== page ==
Cameron Gamble gave law enforcement the bird, too, when he thumbed his nose at the Sheriff’s office and took matters into his own two hands with the reverse ransom. Personally, I feel he helped intensify the media’s involvement, thereby making Sherri “too hot to handle” and contributing to her Thanksgiving Day release. But let’s bookmark that for another essay.
We haven’t seen photos of Sherri’s wounds, we don’t know the “message” that was branded into her skin — there are rumors, of course, but I’m staying clear of that for now — and we don’t know if she was sexually assaulted or raped. But we sure want to know, especially regarding sex crimes. Wouldn’t you?
And here’s me giving Mayor Missy of Redding a courtesy bird for labeling everyone who has dared to question this case a “troll.” And my bird just pooped on her.
Is there a serial rapist roaming our streets? Shouldn’t we at least be told this much about Sherri’s case? Why so much darn silence? It’s like a large body of water was sucked out to sea and isn’t returning any time soon. Except eventually it will, and when it does, you know what that’s called: a tsunami.
But no updates since Sheriff Bosenko’s November 30th press conference. Twelve days and no more information on the abductors, no composite sketch, no indication that she had been raped? The silence seems highly unusual in an already unusual case. When the Sheriff’s office pulls a Brigadoon like this and all you’ve been given is a handful of wee little morsels to chew on, questions about what really happened kind of implode, conspiracy theories get flung about, and people get fidgety and scared.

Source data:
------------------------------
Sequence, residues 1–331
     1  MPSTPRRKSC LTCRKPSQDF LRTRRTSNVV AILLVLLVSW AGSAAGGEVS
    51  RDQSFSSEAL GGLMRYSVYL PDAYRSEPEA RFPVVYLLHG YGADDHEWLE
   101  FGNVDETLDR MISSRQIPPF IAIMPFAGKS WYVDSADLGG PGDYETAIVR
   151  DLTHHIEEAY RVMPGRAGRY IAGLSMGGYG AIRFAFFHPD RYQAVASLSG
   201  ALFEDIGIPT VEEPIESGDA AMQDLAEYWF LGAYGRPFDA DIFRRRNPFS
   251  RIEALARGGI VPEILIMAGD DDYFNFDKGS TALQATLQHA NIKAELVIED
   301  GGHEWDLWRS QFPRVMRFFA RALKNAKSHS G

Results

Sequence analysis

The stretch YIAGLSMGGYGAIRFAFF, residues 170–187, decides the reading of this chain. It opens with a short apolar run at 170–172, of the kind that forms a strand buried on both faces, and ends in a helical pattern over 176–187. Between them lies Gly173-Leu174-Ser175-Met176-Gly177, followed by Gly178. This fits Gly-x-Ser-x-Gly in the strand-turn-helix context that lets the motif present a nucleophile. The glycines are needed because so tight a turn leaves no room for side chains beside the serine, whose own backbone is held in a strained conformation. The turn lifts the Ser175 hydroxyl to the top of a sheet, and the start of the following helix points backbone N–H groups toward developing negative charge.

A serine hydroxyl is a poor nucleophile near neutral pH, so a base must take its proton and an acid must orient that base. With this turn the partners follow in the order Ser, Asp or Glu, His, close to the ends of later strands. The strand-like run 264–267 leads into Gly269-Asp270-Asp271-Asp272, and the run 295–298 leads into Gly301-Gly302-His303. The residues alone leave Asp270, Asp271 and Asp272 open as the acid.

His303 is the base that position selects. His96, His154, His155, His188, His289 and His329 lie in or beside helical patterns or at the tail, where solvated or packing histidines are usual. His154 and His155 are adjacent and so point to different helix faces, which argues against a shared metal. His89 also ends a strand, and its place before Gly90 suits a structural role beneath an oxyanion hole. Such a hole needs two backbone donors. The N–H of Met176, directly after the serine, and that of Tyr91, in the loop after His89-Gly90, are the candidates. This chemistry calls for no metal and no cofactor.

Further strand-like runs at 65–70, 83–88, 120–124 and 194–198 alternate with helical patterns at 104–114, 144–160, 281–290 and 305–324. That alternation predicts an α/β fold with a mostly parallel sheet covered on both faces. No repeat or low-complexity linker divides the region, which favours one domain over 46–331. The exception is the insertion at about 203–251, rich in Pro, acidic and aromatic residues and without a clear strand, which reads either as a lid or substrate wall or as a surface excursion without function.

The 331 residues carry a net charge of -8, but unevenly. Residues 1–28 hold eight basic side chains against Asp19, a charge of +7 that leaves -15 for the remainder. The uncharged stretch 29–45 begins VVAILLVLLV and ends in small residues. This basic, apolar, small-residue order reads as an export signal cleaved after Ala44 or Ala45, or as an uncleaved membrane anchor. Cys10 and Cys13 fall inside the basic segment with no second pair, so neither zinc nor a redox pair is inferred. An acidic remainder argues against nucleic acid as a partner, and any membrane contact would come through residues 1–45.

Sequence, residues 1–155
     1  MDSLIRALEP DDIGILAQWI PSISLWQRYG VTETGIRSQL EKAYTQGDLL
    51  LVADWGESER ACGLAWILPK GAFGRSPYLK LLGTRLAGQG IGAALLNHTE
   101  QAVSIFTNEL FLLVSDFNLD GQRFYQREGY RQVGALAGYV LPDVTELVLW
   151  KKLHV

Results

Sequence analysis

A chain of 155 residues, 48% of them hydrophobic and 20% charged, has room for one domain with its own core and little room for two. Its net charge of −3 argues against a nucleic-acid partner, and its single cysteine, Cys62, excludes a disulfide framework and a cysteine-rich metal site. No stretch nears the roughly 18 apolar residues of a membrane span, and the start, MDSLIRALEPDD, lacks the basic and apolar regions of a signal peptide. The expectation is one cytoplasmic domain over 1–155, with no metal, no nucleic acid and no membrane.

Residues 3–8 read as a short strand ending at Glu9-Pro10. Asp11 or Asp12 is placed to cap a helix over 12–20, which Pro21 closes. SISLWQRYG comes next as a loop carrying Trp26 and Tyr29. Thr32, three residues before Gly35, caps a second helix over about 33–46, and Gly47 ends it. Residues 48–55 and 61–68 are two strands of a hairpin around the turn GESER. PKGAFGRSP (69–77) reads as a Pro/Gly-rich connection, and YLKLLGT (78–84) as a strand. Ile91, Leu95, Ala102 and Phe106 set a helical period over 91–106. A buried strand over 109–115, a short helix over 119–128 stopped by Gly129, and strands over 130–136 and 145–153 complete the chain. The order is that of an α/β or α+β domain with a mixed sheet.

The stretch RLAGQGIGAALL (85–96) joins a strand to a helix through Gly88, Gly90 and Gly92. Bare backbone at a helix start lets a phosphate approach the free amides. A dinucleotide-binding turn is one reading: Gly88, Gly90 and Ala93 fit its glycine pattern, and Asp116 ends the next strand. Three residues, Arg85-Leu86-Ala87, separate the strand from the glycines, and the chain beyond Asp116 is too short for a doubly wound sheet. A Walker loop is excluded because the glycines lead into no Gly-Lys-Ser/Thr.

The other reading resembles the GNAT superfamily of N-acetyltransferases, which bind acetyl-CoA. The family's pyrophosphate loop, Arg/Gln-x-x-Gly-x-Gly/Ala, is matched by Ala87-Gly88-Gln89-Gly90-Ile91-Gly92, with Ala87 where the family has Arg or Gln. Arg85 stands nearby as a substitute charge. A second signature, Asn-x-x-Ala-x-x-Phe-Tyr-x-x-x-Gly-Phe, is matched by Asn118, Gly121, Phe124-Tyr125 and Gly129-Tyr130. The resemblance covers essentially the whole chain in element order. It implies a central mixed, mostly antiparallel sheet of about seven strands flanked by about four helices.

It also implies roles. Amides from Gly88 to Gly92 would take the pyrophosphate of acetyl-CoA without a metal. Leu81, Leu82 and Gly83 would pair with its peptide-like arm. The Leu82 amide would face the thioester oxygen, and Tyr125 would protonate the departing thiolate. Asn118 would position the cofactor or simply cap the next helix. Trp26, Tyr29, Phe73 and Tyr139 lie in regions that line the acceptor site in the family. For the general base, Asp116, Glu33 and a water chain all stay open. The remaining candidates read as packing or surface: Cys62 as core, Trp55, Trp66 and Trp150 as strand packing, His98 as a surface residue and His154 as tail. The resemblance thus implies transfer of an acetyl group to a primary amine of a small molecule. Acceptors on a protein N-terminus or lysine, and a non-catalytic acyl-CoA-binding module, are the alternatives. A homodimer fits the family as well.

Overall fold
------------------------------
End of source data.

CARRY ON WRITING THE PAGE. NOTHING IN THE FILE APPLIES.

But we do have that description Sherri provided of her abductors. It was revelatory.
And guess who pulled in line behind me at the Starbuck’s drive-thru yesterday? A Latina woman in an SUV, and she had thin eyebrows, long hair and pierced ears. Maybe she was spending some of the ransom money, that allegedly was never paid, on a skinny vanilla latte and a chocolate croissant.
She also had a crucifix hanging from her rearview mirror, so she’s probably Catholic. Sherri’s family is Catholic, and the Starbucks is maybe a mile from their church.
Just call me Carla McGruff, your local crime sniffer person and case solver, thank you very much.
YEARS AGO WHEN acid washed jeans were a thing, my mom made a tunafish casserole and dished it out for dinner.
There was just one problem, something mom didn’t realize until she was done eating, and something I didn’t realize at all because I despised tunafish casserole and always fed it to the dog: She forgot the tuna.
I’m not taking writerly liberties here. Mom put everything but the tunafish in the tunafish casserole, and no one knew. In case you don’t believe me, I conducted my very first exclusive interview just for this essay series. It goes as follows:
“Mom, so tell me about that tunafish casserole. You know the one I’m talking about. I think dad was watching a new episode of the A-Team that night and we all ate in separate rooms.”
“I hated the A-Team, but I loved the casserole.”
“Without the tuna?”
“Yes, but I never forgot the tuna again.”
“But how would you know?”